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Somerset Place, LLC v. Sebelius

February 5, 2010


The opinion of the court was delivered by: Robert M. Dow, Jr. United States District Judge

Judge Robert M. Dow, Jr. Emergency Judge for Judge Samuel Der-Yeghiayan Assigned Judge


Yesterday, February 4, 2010, Plaintiff Somerset Place, LLC ("Somerset"), filed this lawsuit. The complaint [1] names three defendants in their official capacities: Kathleen Sebelius (the "Secretary"), the Secretary of the United States Department of Health and Human Services; Charlene Frizzera ("Frizzera"), the Acting Administrator for the Centers for Medicare and Medicaid Services ("CMS"); and John Hammarlund ("Hammarlund"), the Regional Administrator for CMS. Because all of the defendants are sued in their official capacities and Somerset seeks to enjoin all of them from taking actions in their official capacities, the Court for the sake of simplicity will refer to the defendants simply as "the Secretary" in this Order.

This matter is before the Court in its capacity as Emergency Judge, sitting in the place of Judge Der-Yeghiayan, the assigned judge. Before the Court is Somerset's motion for a temporary restraining order [6], which Somerset filed contemporaneously with its complaint. Somerset currently is certified by the Centers for Medicaid and Medicare Services ("CMS"). Somerset's certification allows it toreceive Medicaid reimbursements and requires it to remain in "substantial compliance" with specified standards. According to Somerset, the Secretary is days away from terminating that certification, which will have immediate and irreparable consequences.

The termination, which would be the result of a conclusion by the Secretary that Somerset's patients are in "immediate jeopardy," is set to take place this Sunday, February 7. Somerset alleges that a termination would trigger the process of transferring patients from Somerset to other mental health facilities. The body of Somerset's complaint and motion for a temporary restraining remains largely silent on the deficiencies that led to the Secretary's decision. Somerset, however, has included with its complaint exhibits that speak to the question. Specifically, Somerset attached as exhibits correspondence from CMS indicating that residents of Somerset were under threat of abuse by both staff and residents [see 1-2], had inadequate security [see 1-4], and a were at risk of violence from other residents [see id.]. The federal survey of the facility indicates that the problems at Somerset were systemic. [See 1-5, at 7].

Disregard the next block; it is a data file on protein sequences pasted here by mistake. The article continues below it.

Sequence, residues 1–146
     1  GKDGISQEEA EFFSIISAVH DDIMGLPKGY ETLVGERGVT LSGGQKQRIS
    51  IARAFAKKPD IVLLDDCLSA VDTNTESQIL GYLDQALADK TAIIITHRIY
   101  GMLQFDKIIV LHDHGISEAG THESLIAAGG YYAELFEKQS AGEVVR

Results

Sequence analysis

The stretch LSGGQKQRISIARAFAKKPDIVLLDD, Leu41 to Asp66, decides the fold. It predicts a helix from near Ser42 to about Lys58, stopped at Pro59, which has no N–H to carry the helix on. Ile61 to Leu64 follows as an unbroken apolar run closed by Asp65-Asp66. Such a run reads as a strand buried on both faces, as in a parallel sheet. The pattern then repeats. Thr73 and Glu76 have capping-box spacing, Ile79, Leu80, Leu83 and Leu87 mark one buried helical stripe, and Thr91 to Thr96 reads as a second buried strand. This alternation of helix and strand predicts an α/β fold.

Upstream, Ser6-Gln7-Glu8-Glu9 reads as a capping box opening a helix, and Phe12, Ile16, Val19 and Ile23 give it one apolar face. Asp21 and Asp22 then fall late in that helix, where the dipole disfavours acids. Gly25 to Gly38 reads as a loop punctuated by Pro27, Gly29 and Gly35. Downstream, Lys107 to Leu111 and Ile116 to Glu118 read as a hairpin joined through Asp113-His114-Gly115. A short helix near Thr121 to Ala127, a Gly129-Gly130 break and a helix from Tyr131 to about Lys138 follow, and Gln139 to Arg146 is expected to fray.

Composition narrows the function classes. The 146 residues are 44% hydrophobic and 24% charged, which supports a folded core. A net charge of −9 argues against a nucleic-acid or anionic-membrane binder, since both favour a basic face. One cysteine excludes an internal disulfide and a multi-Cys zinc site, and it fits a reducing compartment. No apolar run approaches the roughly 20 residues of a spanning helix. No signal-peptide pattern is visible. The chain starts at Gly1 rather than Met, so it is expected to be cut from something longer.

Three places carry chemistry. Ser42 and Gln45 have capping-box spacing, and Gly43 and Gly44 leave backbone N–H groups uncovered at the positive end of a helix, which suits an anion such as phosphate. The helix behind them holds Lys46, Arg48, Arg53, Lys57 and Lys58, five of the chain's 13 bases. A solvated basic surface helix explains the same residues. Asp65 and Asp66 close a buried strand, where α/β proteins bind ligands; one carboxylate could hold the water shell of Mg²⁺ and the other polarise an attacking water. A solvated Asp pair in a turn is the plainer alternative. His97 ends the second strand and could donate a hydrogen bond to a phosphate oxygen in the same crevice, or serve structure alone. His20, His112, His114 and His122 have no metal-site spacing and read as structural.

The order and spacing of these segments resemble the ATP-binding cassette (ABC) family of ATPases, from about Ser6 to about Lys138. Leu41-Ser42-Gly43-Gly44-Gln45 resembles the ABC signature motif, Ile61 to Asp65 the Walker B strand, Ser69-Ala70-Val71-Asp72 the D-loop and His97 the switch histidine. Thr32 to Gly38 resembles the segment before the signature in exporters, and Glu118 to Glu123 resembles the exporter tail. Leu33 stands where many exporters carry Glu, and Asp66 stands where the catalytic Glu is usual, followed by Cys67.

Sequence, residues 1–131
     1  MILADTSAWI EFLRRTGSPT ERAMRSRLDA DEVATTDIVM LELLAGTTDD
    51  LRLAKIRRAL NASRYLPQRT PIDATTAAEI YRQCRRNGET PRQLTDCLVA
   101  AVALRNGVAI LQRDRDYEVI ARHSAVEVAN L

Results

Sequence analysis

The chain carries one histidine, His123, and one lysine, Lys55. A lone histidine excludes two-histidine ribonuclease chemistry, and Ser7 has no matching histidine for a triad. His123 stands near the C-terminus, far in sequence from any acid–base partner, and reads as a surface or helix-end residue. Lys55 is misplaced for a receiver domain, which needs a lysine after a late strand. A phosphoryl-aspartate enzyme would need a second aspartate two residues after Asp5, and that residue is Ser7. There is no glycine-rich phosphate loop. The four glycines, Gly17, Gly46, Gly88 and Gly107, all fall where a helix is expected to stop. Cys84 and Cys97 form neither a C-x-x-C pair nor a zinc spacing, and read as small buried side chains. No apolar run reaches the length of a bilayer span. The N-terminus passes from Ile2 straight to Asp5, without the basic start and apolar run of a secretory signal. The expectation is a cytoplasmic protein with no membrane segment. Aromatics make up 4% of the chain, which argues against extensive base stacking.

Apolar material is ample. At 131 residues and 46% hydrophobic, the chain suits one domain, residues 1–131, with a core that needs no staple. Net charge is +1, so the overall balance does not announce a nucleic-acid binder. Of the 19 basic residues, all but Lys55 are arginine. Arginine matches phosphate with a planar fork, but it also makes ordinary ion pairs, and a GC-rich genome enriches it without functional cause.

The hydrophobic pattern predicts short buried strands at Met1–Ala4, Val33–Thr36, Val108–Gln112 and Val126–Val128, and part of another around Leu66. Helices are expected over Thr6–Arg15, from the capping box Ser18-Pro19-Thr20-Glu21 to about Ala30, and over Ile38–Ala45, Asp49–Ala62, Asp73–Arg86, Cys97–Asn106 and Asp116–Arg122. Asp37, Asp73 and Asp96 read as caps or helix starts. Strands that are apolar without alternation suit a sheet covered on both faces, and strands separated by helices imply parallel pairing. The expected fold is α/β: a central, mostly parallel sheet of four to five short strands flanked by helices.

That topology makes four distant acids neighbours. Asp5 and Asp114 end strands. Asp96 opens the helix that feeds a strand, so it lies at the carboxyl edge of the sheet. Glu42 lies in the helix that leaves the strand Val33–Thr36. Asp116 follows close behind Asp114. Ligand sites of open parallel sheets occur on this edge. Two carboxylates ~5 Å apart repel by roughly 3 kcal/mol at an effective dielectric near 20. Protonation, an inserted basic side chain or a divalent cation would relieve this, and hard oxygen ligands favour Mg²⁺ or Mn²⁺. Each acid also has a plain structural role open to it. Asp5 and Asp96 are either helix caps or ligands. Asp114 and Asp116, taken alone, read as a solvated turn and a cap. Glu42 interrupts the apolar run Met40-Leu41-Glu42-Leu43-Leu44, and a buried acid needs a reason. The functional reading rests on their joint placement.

In addition to responding to Somerset's contentions regarding the appropriateness of a TRO, the Secretary this morning filed a motion to dismiss the action from this court for want of subject-matter jurisdiction [12]. For the reasons set forth below, Somerset's motion for a temporary restraining order [6] is denied. The Secretary's motion to dismiss for lack of subject matter jurisdiction [12] is taken under advisement. The Court either will set an in initial briefing schedule on that motion by separate minute order after consultation with the assigned judge or will defer briefing on the issue until the parties may appear before the assigned judge.

I. The Statutory Scheme

Medicaid services are part of a complex statutory scheme. See 42 U.S.C. § 1396, et seq. (the "Act"). A discrete part of that scheme forms the backbone of the Department's actions against Somerset. Under the Act, a "nursing facility must provide services and activities to attain or maintain the highest practicable physical, mental, and psychosocial well-being of each resident in accordance with a written plan of care." 42 U.S.C. § 1396r(b)(2). At oral argument, counsel agreed that Somerset is a "nursing facility" as defined in the Act. Section 1396r provides considerable guidance on how to meet the statutory standards while protecting numerous "residents' rights," including, for example, the "right to voice grievances with respect to treatment or care that is (or fails to be) furnished, without discrimination or reprisal for voicing the grievance." Id. § 1396r(C)(1)(A)(vi). Upon voicing grievances, patients have the "right to prompt efforts by the facility to resolve grievances the resident may have, including those with respect to the behavior of other residents." Id.